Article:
• Somerset County: 23,520 confirmed cases (70 new), 711 confirmed deaths (106 probable)
  • Atlantic County: 24,162 confirmed cases (64 new), 610 confirmed deaths (35 probable)
  • Cumberland County: 13,970 confirmed cases (47 new), 380 confirmed deaths (36 probable)
  • Salem County: 5,201 confirmed cases (47 new), 162 confirmed deaths (13 probable)
  • Warren County: 8,444 confirmed cases (37 new), 205 confirmed deaths (25 probable)
  • Sussex County: 11,156 confirmed cases (34 new), 223 confirmed deaths (67 probable)
  • Hunterdon County: 8,504 confirmed cases (31 new), 117 confirmed deaths (54 probable)
  • Cape May County: 4,429 confirmed cases (16 new), 169 confirmed deaths (30 probable)
HOSPITALIZATIONS
There were 2,114 patients hospitalized with confirmed (1,961) or suspected COVID-19 cases across New Jersey’s 71 hospitals as of Tuesday night — five more than the previous night, according to state data.
That included 455 in critical or intensive care (three more than the night before), with 248 on ventilators (six fewer).
There were also 262 COVID-19 patients discharged Tuesday, while 263 new patients were admitted.
By comparison, hospitalizations peaked at more than 8,300 patients during the first wave of the pandemic in April and more than 3,800 during the second wave in December.
SCHOOL CASES
New Jersey has reported 245 in-school coronavirus outbreaks, which have resulted in 1,094 cases among students, teachers and school staff this academic year, according to state data.
The state defines school outbreaks as cases where contact tracers determined two or more students or school staff caught or transmitted COVID-19 in the classroom or during academic activities at school. Those numbers do not include students or staff believed to have been infected outside school or cases that can’t be confirmed as in-school outbreaks.
There are about 1.4 million public school students and teachers across the state, though teaching methods amid the outbreak have varied, with some schools teaching in-person, some using a hybrid format and others remaining all-remote.
Murphy has said New Jersey’s schools are expected to return to full in-person classes for the next school year.
AGE BREAKDOWN
Broken down by age, those 30 to 49 years old make up the largest percentage of New Jersey residents who have caught the virus (30.9%), followed by those 50-64 (22.7%), 18-29 (19.9%), 65-79 (10.2%), 5-17 (9.7%), 80 and older (4.4%) and 0-4 (2%).
On average, the virus has been more deadly for older residents, especially those with preexisting conditions. Nearly half the state’s COVID-19 deaths have been among residents 80 and older (46.66%), followed by those 65-79 (32.91%), 50-64 (15.95%), 30-49 (4.06%), 18-29 (0.39%), 5-17 (0.01%) and 0-4 (0.03%).
At least 8,018 of the state’s COVID-19 deaths have been among residents and staff members at nursing homes and other long-term care facilities, according to state data.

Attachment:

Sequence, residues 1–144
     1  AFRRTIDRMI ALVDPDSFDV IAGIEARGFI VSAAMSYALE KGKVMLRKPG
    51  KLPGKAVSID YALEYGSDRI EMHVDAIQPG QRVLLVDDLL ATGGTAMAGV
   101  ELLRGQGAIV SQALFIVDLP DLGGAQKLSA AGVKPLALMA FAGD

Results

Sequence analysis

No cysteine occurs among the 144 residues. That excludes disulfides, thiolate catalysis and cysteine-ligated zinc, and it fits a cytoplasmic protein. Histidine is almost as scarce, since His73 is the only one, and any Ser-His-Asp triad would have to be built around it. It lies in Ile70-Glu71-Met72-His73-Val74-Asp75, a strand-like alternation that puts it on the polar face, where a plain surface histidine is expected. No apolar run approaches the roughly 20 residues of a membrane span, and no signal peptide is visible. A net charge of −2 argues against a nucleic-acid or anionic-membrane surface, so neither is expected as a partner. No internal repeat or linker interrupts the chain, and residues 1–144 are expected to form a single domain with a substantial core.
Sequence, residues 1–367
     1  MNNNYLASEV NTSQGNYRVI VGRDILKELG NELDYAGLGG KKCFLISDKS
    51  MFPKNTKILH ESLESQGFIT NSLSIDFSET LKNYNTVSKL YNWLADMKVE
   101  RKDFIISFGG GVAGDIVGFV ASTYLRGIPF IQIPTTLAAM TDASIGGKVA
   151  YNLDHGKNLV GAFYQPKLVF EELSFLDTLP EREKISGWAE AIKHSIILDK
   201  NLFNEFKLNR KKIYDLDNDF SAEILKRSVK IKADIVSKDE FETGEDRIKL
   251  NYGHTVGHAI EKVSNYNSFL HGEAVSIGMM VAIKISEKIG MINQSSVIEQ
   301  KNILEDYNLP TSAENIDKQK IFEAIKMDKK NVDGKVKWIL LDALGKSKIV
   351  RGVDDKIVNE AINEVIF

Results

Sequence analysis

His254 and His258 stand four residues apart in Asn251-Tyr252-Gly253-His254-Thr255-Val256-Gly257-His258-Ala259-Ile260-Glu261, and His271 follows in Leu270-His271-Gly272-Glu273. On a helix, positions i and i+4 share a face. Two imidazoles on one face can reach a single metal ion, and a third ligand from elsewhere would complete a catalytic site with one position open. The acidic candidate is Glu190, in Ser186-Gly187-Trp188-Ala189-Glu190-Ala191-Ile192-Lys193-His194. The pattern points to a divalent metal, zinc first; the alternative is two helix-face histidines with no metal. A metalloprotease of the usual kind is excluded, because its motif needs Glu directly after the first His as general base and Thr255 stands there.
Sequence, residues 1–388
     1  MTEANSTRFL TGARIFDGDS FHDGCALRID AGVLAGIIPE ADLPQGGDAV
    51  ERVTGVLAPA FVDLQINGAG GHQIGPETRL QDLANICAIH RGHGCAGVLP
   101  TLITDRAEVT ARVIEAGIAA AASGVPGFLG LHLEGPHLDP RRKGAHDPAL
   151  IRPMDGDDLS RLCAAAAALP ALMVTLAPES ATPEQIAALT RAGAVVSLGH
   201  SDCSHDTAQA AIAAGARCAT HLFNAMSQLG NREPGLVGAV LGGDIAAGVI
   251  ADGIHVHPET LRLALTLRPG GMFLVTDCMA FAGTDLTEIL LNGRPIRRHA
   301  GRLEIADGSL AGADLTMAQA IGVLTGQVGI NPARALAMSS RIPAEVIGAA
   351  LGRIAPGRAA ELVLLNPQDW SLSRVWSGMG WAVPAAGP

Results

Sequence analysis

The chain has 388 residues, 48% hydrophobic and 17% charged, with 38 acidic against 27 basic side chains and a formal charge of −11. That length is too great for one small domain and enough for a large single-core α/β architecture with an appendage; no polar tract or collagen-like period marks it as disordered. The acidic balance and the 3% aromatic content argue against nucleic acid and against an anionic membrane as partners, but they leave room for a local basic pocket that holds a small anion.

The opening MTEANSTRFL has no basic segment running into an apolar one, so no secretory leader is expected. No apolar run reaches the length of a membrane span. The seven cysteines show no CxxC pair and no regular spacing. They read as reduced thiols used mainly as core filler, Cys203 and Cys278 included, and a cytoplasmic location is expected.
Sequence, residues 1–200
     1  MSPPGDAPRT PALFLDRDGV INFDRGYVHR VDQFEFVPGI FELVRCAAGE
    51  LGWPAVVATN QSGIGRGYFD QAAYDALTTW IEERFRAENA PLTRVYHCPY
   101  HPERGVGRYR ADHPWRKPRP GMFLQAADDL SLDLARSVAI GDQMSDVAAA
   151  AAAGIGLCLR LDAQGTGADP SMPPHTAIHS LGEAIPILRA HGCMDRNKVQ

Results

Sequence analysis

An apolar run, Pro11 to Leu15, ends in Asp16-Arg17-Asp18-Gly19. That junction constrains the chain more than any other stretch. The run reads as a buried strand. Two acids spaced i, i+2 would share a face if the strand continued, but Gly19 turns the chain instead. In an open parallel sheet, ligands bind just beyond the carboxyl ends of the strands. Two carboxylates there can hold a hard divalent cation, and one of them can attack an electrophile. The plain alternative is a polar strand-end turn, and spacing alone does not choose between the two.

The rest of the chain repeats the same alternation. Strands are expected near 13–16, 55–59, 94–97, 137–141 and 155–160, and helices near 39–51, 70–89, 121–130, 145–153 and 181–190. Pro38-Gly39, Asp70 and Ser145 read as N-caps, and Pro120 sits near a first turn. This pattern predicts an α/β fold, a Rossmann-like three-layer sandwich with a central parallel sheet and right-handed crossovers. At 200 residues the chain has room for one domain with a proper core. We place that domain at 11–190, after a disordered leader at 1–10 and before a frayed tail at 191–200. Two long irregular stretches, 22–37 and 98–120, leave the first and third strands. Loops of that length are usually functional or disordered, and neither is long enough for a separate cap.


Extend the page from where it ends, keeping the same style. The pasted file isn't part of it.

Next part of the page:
There are active outbreaks at 233 facilities, resulting in 2,863 active cases among residents and 3,710 among staffers. Those numbers have slowed as vaccinations continue at the facilities.
GLOBAL NUMBERS
As of Wednesday afternoon, there have been more than 143.2 million positive COVID-19 tests across the world, according to a running tally by Johns Hopkins University. More than 3.04 million people have died from coronavirus-related complications.
The U.S. has reported the most cases, at more than 31.8 million, and the most deaths, at more than 569,000.
Categories
Covid-19 State News

13 deaths, 2,765 cases of COVID announced as N.J. prepares to open vaccine eligiblity

New Jersey health officials on Sunday reported another 2,765 confirmed cases of the coronavirus and an additional 13 confirmed deaths as the state prepares to open vaccine eligibility to all adults.

Gov. Phil Murphy announced the latest figures on social media.

More than 1 in 3 adults in the state — 2,476,998 — are fully vaccinated against COVID-19, while 3,777,441 have received at least one dose as of Saturday morning, according to the state. Vaccine eligibility expands on Monday to anyone 16 or older who lives, works or studies in New Jersey.

The state’s rate of transmission on Sunday held steady from 0.91 on Saturday, down from a recent peak of 1.07 on April 5. Any number over 1 indicates that the outbreak is growing, with each new case leading to at least one other case. A declining transmission rate means the spread is slowing.

In all, New Jersey has now reported 858,519 confirmed coronavirus cases out of more than 12.9 million PCR tests since the state reported its first case on March 4, 2020. There have also been 120,334 positive antigen tests. Those cases are considered probable, and health officials have warned that positive antigen tests could overlap with the confirmed PCR tests because they are sometimes given in tandem.
The state of 9 million people has reported 25,143 deaths from complications related to COVID-19 — including 22,551 confirmed deaths and 2,592 fatalities considered probable.

HOSPITALIZATIONS

There were 2,095 patients hospitalized with confirmed or suspected COVID-19 cases across New Jersey’s 71 hospitals as of Thursday night — 90 fewer than the previous night. More recent data from the weekend was not available on Sunday.
That figure included 446 in critical or intensive care (10 fewer than the night before), with 247 on ventilators (six fewer).